UT Pharmacy and UT Health Science Center San Antonio Assistant Professor Grace C. Lee, Pharm.D., Ph.D. is the first author of a recently published study that unveiled a novel concept, “immunologic resilience,” to accurately predict which COVID-19 patients will advance to severe disease and which will not.
Division Head and Professor of Pharmacology and Toxicology Karen Vasquez, Ph.D. appeared on BBC World Service's Science in Action to talk about Z-DNA. Dr. Vasquez's research focuses on DNA damage and repair, genomic instability, gene targeting, DNA structure and cancer therapeutics.
The University of Texas at Austin College of Pharmacy moved up in several research funding categories, as reported in the newly-released rankings from the American Association of Colleges of Pharmacy (AACP). The college rose to #8 nationally in total research funding during the 2019-2020 fiscal year, compared to #9 in 2018-2019.
Combining mobile health technology, or mHealth, and community outreach to improve the health outcomes of people experiencing homelessness is the target of a new study led by Division of Health Outcomes Associate Professor Leticia Moczygemba, Pharm.D., Ph.D., thanks to a five-year research grant from the U.S. Department of Health and Human Services Agency for Healthcare Research and Quality.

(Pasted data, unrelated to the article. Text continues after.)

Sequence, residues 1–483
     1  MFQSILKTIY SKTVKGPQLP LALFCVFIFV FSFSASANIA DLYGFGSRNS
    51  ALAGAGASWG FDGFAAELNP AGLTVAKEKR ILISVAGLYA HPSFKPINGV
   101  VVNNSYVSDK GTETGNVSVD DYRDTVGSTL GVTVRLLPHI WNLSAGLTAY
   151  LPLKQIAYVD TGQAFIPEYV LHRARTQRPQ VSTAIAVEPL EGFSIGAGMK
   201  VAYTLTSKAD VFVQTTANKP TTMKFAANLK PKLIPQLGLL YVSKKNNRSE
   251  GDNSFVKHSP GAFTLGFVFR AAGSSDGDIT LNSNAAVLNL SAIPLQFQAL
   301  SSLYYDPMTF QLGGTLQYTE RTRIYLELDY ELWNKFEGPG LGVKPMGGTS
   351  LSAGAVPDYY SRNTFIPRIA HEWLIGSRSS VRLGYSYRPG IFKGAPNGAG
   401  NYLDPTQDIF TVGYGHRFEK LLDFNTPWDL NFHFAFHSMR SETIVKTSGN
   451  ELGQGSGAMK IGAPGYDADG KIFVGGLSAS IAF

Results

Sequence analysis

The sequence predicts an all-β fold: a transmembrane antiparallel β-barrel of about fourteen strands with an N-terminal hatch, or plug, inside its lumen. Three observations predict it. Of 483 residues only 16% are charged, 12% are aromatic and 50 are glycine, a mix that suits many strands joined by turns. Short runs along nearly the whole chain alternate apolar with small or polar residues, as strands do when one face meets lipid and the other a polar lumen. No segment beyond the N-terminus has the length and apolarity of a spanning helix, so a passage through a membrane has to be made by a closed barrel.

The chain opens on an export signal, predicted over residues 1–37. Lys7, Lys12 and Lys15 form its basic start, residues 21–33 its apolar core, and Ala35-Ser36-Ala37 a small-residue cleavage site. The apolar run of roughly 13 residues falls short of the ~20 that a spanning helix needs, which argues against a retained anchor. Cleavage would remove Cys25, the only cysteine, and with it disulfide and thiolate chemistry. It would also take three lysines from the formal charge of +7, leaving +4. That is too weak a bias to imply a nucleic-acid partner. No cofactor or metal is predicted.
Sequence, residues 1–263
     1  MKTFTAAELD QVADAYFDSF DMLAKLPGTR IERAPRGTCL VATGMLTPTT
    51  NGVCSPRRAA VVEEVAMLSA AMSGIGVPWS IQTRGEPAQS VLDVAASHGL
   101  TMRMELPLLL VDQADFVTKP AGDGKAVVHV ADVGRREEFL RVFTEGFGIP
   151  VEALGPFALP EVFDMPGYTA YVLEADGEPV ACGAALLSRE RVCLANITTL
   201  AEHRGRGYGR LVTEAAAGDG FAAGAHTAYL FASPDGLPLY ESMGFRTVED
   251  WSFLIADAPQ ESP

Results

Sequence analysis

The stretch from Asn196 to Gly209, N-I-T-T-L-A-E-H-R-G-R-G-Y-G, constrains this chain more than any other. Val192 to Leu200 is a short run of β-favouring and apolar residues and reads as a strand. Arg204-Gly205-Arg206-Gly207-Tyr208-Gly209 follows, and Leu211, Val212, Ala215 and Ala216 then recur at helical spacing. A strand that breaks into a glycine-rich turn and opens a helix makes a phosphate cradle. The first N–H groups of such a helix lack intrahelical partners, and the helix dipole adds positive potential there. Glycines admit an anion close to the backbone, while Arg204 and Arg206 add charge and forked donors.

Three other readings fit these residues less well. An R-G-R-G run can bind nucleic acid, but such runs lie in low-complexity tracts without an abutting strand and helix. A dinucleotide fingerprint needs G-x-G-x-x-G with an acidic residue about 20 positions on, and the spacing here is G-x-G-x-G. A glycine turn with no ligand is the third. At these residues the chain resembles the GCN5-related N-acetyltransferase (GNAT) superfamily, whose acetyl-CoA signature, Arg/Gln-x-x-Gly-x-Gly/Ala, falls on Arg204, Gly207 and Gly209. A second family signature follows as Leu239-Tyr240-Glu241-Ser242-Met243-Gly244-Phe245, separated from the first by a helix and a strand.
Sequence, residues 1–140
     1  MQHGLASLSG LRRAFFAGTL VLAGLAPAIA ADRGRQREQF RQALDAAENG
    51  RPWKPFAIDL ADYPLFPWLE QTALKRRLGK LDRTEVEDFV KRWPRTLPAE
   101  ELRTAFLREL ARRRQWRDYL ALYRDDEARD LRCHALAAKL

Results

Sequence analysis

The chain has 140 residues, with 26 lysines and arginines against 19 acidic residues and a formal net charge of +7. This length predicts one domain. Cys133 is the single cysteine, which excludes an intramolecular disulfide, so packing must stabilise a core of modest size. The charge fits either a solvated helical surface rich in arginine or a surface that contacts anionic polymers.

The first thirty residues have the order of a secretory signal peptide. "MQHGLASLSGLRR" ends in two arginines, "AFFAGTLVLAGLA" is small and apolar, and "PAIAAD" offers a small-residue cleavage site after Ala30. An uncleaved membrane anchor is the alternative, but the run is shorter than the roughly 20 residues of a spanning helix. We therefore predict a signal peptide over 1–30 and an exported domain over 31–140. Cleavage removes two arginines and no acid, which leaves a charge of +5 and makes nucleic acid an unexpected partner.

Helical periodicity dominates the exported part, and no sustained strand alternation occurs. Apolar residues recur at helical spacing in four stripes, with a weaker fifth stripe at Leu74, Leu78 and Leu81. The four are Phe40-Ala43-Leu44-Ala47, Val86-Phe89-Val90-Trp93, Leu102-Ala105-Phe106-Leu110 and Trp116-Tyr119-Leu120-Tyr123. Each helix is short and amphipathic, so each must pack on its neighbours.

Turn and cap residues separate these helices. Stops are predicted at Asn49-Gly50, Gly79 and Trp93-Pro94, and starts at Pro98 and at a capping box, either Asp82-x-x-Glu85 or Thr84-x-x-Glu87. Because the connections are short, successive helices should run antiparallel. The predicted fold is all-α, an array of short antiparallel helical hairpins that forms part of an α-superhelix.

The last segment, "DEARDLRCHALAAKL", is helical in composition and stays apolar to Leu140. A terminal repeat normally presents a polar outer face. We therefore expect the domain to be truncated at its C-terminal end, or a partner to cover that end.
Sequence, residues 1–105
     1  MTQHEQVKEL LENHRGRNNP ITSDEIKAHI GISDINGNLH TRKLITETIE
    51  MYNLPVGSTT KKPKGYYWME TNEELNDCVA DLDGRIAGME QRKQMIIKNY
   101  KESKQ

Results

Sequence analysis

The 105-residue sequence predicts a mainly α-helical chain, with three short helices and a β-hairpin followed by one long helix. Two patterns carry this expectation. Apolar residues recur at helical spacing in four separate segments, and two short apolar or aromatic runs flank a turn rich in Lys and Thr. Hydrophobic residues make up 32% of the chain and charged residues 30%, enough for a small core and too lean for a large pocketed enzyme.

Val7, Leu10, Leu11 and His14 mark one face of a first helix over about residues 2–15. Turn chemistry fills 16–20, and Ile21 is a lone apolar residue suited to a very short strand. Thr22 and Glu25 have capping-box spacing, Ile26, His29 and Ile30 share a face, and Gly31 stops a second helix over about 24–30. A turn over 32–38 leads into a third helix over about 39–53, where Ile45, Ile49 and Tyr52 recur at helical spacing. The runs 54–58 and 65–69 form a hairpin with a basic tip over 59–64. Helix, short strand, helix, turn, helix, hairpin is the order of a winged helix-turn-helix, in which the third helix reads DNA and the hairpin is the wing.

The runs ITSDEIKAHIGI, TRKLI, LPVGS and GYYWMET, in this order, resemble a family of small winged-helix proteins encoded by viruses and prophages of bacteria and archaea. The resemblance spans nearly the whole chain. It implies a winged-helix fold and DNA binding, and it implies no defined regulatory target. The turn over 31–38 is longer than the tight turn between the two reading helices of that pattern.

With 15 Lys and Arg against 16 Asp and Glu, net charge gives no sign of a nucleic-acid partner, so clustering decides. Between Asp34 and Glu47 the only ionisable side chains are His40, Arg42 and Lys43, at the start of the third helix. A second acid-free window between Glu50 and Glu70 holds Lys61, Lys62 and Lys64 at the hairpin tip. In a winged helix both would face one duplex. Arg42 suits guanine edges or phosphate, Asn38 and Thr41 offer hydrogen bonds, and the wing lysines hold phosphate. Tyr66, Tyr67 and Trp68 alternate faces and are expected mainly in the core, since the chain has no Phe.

Three researchers from the College of Pharmacy won an award from the Pharmaceutical Research and Manufacturers of America (PhRMA) Foundation. Leticia R. Moczygemba, Pharm.D., Ph.D., Carolyn M. Brown, Ph.D. and Michael Johnsrud, Ph.D., R.Ph. were awarded $5,000 from the PhRMA Foundation for their proposal to advance racial and ethnic representation in value assessments.
Associate Dean for Research and Graduate Studies John H. Richburg, Ph.D. received notice from the National Institutes of Health (NIH) awarding him a research grant for a five-year term. The NIH’s grant award for Dr. Richburg’s research totals $2,694,316.
Pharmacology and Toxicology Professor Andrea C. Gore, Ph.D. recently received an impressive five-year RO1 grant from the National Institute of Environmental Health Sciences (NIEHS), part of the National Institutes for Health (NIH), for research to determine how PCBs cause dysfunctions in reproductive physiology and behavior.
College of Pharmacy Professor Karen M. Vasquez, Ph.D. recently collaborated on a research paper exploring the mechanisms involved in DNA structure-induced genetic instability in human disease. “Mechanisms of genetic instability caused by (CGG)n repeats in an experimental mammalian system” recently published in Nature, and includes co-authors Artem V. Kononenko, Thomas Ebersole, and Sergei M. Mirkin from Tufts University.